Carl Lutz, the man who rescued more than 62,000 Jews in Budapest from deportation to Nazi death camps during world war II.
The Swiss Vice-Consul Carl Lutz, in charge of foreign interests and visas at the Swiss Embassy in Budapest 1942-45, issued tens of thousands of protective letters (“Schutzbriefe”) for Hungarian Jews, documents the Nazi officials only reluctantly recognised.
In the last months of World War II the Nazi regime tried to eliminate the whole Jewish community of German occupied Hungary. In tough negotiations with the Nazis and the Hungarian government, Lutz obtained permission to issue protective letters to 8'000 Hungarian Jews for emigration to Palestine. Using a ruse and interpreting the 8’000 not as persons, but as families, he and his staff issued tens of thousands of additional protective letters. He established 76 Swiss safe houses throughout Budapest and, with the help of his wife Gertrud, liberated Jews from deportation centres and death marches.
The issue of protective letters was subsequently adopted by representatives of other neutral governments in Budapest such as Raoul Wallenberg of Sweden, and others, which broadened the impact.
By the end of the war close to 124,000 Hungarian Jews survived. Nearly half of these owed their life to the courageous actions of Carl Lutz, whose name, until recently, had largely been forgotten, by the Jewish people and the world at large.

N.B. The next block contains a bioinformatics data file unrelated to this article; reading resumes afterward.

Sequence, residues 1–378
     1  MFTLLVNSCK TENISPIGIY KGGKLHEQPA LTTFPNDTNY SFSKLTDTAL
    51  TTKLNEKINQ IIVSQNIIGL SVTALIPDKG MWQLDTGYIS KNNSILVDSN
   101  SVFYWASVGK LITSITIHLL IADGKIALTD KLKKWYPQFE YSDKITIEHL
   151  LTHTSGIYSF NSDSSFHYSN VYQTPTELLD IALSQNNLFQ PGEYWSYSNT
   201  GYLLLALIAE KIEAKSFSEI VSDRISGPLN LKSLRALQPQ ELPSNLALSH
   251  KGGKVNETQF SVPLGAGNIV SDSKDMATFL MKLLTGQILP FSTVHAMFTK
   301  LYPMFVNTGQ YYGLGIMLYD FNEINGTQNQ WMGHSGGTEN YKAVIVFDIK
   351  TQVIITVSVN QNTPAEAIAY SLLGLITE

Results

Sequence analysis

Carl Lutz has been honoured by Yad Vashem and the State of Israel. In 1963 a street was named after him in Haifa, Israel, later by his home village Walzenhausen, Switzerland and by the Swiss government. Since 1991 a memorial at the entrance to the old Budapest ghetto remembers Carl Lutz's work in Budapest. In 2006 the American Embassy honoured Carl Lutz with a memorial in the park of the American Embassy.
Among the safe houses mentioned above the most famous one was the Glass House, an old industrial building at Vadász utca 29. Over 3,000 Jews found refuge and protection from their prosecutors at the Glass House during world war II. The Glasshouse is now open for visitors as a museum, that is documenting the history of Carl Lutz and his actvities. A more general documentation on the Hungarian Jews and the Holocaust is available at the Holocaust Memorial Center, for further information please use the link below.
In the last years there were numerous occasions to celebrate the memory of Carl Lutz in Hungary and all around the world. In Budapest there is the Memorial Room in the Glass House, the Monument in front of the US Embassy and also the Carl Lutz Quay (XIII. district) where in April 2013 more than 20 000 people took part in the March of the Living honoring the deeds of Carl Lutz. A German version of the travelling exhibition "Carl Lutz and the legendary Glass House" has been printed, and was shown in Carl Lutz’s hometown Walzenhausen in August, later in Zürich and other cities all around Switzerland. The English version has been shown in the USA at the Alma Mater of Carl Lutz, the Elliott School of International Affairs, Washington.
In 2014 we are commemorating 70 years of the beginning of the Holocaust in Hungary. It is a suitable occasion to also remember the deeds of those who opposed it, sometimes risking their social status, their job or even their life. The Swiss embassy and its partners in Hungary and around the world are organizing various activities in Budapest and worldwide.